It's a little comforting to know jewelry photography or macro photography, often of shiny and reflective metals, is challenging even for professionals.

I'm still learning and experimenting long after I wrote this past post, 13 Things I Learned About Jewelry Photography.

The very best cameras today are the digital SLRs but they are also more expensive especially when you add on the cost of a good macro lens.  They do take excellent pictures provided you know what you are doing.

Jewelry artisans can get away with cheaper point and shoot cameras which still take great pictures. (See my past post, A Look at My New Camera and Jewelry Photography Accessories). Some of the compact cameras like my new camera have automatic point and shoot functions as well as manual settings for SLR like controls if preferred.

Point and Shoot Cameras
Even with point and shoots, you still have to set it up correctly. It pays to read the manual!
  • Macro (little flower symbol) - for close ups
  • White Balance - to get  true colors under the lighting conditions you have. If you don't switch this camera setting to Cloudy (or Indoors in other cameras) for the by-the-window shots, the pictures will look bluish.
  • Tripod - This really helps avoid blurry pictures - it's hard to hold the camera steady when taking close-ups
  • Focus - Remember to press down the shutter button half way and allow the camera time to focus before taking the picture. Also make sure you're focusing on the main part of the jewelry piece - I've lost count of the number of times when I accidentally focused on less important areas like the ear wires!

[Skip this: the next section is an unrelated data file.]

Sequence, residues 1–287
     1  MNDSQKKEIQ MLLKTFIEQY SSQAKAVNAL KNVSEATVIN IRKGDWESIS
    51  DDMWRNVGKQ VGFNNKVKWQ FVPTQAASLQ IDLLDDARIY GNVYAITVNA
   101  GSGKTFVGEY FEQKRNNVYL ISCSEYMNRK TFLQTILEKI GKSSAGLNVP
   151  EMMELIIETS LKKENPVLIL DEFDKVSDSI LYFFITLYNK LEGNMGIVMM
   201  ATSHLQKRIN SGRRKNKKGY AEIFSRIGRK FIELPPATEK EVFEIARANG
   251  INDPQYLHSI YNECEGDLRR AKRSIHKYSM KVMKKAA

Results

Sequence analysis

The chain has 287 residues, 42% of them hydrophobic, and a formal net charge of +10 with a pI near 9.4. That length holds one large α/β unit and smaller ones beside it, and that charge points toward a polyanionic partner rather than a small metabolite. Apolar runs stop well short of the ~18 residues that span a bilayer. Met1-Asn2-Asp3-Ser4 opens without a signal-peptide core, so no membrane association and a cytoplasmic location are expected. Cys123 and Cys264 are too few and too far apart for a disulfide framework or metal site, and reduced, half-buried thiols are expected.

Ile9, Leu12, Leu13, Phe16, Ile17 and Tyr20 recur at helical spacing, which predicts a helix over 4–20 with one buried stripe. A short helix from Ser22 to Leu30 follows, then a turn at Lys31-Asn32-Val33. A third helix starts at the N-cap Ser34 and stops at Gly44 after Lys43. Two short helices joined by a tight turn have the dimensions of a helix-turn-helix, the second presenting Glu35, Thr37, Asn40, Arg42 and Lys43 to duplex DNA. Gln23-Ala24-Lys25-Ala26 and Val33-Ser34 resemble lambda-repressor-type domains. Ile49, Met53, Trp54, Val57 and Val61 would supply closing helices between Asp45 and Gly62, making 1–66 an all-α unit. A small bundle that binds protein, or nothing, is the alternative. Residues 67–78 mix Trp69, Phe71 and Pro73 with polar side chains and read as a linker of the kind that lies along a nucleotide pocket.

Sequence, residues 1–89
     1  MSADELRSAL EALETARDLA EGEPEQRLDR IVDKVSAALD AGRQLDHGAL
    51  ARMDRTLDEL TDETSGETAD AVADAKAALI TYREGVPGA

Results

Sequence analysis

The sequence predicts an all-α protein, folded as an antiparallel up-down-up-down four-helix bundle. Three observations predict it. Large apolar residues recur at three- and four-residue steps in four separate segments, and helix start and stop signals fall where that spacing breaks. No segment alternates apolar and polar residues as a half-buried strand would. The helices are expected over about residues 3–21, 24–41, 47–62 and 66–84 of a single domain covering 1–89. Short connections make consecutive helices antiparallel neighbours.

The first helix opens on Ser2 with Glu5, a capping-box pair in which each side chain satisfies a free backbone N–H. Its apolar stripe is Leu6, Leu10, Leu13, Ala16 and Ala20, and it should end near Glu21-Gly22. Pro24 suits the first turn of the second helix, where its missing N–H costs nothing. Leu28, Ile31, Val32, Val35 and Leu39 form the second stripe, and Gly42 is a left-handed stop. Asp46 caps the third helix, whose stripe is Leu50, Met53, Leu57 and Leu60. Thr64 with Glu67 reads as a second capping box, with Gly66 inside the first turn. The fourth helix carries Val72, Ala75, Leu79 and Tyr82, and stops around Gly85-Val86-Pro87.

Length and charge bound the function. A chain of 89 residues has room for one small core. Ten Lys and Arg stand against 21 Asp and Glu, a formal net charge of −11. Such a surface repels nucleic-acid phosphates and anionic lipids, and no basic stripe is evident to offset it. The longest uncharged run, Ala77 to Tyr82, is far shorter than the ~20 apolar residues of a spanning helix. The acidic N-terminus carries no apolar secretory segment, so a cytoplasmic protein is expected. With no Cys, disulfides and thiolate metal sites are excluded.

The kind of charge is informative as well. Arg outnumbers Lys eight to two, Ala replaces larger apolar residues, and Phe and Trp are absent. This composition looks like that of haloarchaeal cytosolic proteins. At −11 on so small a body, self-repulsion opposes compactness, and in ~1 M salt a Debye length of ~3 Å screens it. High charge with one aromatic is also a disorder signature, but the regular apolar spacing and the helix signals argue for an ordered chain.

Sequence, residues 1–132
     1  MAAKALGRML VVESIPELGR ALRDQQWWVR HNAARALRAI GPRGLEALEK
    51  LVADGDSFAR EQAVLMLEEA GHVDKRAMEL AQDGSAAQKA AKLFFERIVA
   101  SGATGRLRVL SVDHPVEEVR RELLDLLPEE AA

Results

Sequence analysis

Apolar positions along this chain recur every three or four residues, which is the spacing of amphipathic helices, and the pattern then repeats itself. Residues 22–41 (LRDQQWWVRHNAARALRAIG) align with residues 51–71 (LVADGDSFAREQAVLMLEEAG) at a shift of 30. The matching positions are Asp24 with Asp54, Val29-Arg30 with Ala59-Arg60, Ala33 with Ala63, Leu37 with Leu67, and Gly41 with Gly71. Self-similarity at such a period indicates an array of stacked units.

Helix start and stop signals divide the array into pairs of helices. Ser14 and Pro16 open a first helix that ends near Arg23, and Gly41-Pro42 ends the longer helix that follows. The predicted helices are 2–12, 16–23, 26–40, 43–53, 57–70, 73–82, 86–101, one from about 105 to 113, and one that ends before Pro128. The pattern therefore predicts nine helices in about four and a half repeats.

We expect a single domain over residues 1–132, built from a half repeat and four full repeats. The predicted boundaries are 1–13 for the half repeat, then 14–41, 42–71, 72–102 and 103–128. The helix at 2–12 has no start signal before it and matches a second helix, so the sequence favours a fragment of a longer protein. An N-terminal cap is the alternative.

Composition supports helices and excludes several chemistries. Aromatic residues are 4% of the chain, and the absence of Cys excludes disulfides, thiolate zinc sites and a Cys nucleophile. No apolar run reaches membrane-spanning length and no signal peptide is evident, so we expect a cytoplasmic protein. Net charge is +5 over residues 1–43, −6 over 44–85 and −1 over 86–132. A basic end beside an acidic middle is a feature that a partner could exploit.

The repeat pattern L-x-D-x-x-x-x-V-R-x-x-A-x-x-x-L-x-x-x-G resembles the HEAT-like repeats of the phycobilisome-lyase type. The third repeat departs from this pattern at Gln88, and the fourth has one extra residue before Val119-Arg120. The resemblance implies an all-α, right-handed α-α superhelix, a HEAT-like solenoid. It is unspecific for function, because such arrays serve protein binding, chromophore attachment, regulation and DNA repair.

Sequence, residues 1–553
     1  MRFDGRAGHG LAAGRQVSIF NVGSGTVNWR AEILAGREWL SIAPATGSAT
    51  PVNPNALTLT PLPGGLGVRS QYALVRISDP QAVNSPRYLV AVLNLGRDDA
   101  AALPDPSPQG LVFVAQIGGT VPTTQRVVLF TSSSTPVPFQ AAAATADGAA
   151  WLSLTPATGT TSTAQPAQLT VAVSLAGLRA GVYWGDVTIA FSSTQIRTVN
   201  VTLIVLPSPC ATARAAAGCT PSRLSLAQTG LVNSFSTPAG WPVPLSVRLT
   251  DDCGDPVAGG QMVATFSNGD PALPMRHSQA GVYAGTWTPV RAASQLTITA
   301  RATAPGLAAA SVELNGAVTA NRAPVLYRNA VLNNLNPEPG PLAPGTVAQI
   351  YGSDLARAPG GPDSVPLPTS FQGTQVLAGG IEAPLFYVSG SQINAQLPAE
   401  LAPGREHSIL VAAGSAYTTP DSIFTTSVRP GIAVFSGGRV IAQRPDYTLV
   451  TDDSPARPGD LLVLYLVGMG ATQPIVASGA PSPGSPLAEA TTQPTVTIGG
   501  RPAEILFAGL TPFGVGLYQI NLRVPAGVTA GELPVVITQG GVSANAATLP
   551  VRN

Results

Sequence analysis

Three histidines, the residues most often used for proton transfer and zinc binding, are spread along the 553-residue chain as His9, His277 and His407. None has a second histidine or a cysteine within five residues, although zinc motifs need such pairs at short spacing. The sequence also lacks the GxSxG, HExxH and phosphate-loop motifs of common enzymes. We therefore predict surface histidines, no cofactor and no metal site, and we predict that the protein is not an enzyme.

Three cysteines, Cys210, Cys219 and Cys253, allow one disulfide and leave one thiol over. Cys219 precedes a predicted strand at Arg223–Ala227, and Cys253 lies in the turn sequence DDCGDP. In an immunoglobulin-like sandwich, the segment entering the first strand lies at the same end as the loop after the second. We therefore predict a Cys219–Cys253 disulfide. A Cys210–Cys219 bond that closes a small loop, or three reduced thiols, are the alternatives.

• Self- timer - (Optional) Using it will avoid the slight camera shake when pressing the shoot button.
Digital SLR Cameras
If there are manual options for a point and shoot camera or if you have a dSLR camera, then the following additional settings are crucial if you want to improve on photographs  :
  • Aperture Priority- This controls the depth of field. Basically choose a small aperture (big number like f/22) if you want all of the jewelry in focus or a large aperture (small number like f/2) if you want only part of of the piece in focus and the rest artistically blurry. Many cameras have aperture priority - so use it! It will automatically select the matching shutter speed for the right exposure.
  • Shutter Speed - This controls the exposure time or amount of light reaching the image sensor. If you are not using aperture priority, you will have to set this as well as the aperture settings. We don't need very fast shutter speeds because nothing is moving in jewelry photography. Experienced photographers recommend using the camera's histograms to get a correctly exposed picture. Check here and here for more about histograms.
  • ISO - This controls the sensitivity of image sensor to light. Try 100 for shady spots on a sunny day or 200 in cloudy/indoor situations. The less light, the higher the number has to be. Going too high though will result in "noisy" pictures.

The easiest way for amateurs  is to use natural light - either outdoors but in a shady spot or indoors by a window. Check out my past post to see how some simple white cards can be used to cast more light on the darker side. Even better, use a homemade light tent by the window as it diffuses the light. Choose a time of day with good light to avoid having to use the flash.